Raquel Jaramillo's debut novel, Wonder, written under the pen name R.J. Palacio, was born out of a rather embarrassing incident. The author was out with her two sons, sitting in front of an ice cream store. Her oldest had just finished fifth grade, and her youngest was still in a stroller. They spotted a girl whose face had been deformed by a medical condition.
French police have been trying to get a suspected gunman to surrender, after he apparently changed his mind about turning himself in. The 24-year-old has confessed to killing the Jewish children and the paratrooper in Toulouse. Explosions have been reported near the apartment. NPR's Eleanor Beardsley tells host Robert Siegel the latest developments.
Mike and Chantell Sackett of Priest Lake, Idaho, pose for a photo in front of the Supreme Court in Washington on Oct. 14, 2011. The court ruled unanimously Wednesday that property owners have a right to prompt review by a judge of an important tool used by the Environmental Protection Agency to address water pollution.
The U.S. Supreme Court has ruled unanimously in favor of an Idaho couple who were prevented from building their dream home after the Environmental Protection Agency barred them from building on their land. The agency claimed the property was protected wetlands under the federal Clean Water Act.
The ruling gives property owners the right to challenge an EPA compliance order from the time it is issued, rather than waiting for the agency to begin enforcement actions.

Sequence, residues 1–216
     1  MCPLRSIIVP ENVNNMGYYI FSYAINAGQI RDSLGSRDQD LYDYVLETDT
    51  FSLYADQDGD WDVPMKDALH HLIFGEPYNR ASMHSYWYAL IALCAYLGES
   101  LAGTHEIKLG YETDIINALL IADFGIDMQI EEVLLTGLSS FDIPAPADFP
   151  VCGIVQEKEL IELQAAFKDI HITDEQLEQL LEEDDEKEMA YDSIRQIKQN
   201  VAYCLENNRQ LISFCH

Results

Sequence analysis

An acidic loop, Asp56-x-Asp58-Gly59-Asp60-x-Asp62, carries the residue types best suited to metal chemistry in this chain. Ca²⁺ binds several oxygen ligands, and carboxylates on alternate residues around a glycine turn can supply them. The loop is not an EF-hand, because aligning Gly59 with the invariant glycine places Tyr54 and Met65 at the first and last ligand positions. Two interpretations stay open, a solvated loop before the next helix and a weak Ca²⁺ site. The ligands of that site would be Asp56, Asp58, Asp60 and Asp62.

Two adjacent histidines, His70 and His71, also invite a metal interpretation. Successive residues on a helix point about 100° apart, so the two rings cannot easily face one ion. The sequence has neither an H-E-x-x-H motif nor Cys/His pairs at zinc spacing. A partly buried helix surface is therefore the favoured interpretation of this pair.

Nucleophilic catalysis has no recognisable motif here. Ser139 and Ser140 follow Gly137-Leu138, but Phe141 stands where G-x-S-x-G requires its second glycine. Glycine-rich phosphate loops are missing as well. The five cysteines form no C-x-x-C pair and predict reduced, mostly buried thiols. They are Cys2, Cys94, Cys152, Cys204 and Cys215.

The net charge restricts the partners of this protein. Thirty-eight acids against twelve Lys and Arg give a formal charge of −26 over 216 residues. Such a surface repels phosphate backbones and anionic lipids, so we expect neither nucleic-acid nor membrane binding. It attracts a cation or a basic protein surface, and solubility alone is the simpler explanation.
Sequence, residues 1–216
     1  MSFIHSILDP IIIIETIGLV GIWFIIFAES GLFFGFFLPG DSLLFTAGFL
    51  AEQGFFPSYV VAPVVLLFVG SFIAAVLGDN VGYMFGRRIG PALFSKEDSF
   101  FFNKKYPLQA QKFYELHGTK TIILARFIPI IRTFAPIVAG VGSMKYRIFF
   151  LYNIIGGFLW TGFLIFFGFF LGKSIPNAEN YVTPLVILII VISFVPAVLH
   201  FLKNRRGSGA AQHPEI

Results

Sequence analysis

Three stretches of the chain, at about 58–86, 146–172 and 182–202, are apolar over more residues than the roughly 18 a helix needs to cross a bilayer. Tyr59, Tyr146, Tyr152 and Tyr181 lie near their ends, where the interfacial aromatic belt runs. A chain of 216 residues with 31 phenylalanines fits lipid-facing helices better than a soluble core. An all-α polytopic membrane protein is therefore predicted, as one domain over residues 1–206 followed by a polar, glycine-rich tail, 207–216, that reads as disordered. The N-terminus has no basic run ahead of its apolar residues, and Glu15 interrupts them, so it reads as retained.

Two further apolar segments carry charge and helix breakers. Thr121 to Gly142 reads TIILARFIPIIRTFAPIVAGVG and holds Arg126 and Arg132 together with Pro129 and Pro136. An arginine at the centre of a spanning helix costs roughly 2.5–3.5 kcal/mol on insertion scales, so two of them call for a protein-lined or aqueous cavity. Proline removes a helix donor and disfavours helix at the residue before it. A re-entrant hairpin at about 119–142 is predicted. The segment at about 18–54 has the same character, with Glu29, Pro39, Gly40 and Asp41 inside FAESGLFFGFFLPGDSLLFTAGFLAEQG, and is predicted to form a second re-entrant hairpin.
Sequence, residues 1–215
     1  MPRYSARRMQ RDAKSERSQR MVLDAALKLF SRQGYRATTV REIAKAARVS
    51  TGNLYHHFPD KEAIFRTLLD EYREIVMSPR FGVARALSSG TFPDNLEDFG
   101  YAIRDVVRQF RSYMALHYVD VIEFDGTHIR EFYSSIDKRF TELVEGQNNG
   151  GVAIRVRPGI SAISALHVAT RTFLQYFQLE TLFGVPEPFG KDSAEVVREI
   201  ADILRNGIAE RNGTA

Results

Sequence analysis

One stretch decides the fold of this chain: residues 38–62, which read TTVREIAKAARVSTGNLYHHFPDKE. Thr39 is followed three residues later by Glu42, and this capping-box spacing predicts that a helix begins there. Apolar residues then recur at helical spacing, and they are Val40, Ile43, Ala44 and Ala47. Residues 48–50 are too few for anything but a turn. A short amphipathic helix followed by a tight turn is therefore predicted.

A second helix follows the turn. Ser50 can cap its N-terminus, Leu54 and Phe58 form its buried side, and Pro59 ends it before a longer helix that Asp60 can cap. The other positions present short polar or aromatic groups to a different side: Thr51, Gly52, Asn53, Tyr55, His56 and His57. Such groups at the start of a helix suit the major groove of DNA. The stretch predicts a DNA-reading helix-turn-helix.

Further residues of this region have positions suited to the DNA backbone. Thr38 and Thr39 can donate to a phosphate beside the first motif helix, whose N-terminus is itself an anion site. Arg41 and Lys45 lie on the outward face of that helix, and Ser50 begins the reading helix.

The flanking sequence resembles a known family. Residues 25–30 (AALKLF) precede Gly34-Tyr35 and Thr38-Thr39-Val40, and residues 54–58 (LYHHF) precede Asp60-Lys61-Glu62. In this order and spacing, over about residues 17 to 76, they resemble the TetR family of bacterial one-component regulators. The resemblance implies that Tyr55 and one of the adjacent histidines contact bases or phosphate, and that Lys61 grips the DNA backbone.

How would it feel if you were in a job interview and the prospective employer asked for your username and password to see your Facebook profile? Robert Collins says he felt "violated."
"I felt disrespected. I felt that my privacy was invaded," he tells All Things Considered host Robert Siegel, "but not only my privacy, the privacy of my friends and that of my family that didn't ask for that."
The latest reports from the Federal Election Commission shed new light on the political largesse of two Texas businessmen who have become common names in the world of Republican fundraising.
With a $1 million check in February to the superPAC backing Rick Santorum, Dallas nuclear waste dump owner Harold Simmons and his wife, Annette, have now contributed to groups supporting all three of the top GOP candidates.
As gasoline prices rise, some Republicans are making a provocative claim about President Obama. They say higher energy prices are actually part of the administration's agenda and they point to some comments made by the president before he took office.
Presidential candidate Mitt Romney was the latest Republican to make the charge about President Obama, and he did so on Fox News Sunday this past weekend, saying, "There's no question that when he ran for office he said he wanted to see gasoline prices go up."
There's a small spacecraft called Messenger that's been orbiting the planet Mercury for a year. Today, at the Lunar and Planetary Science Conference in Houston, astronomers revealed what they've learned about the innermost planet in our solar system, and some of the new knowledge is puzzling.
Maria Zuber, a planetary scientist at the Massachusetts Institute of Technology, studied a large crater 900 miles across called Caloris.
Supreme Court Justice Anthony Kennedy, shown on Capitol Hill in April 2011, wrote the court's ruling Wednesday that for the most part, plea bargaining determines "who goes to jail and for how long. It is not some adjunct to the criminal justice system. It is the criminal justice system."
For the first time, the U.S. Supreme Court has ruled that defendants have a constitutional right to effective assistance of counsel in plea bargains. In a 5-4 decision Wednesday, the court went further, declaring that when a lawyer acts unethically or gives clearly wrong advice, the defendant may be entitled to a second chance at accepting a plea offer.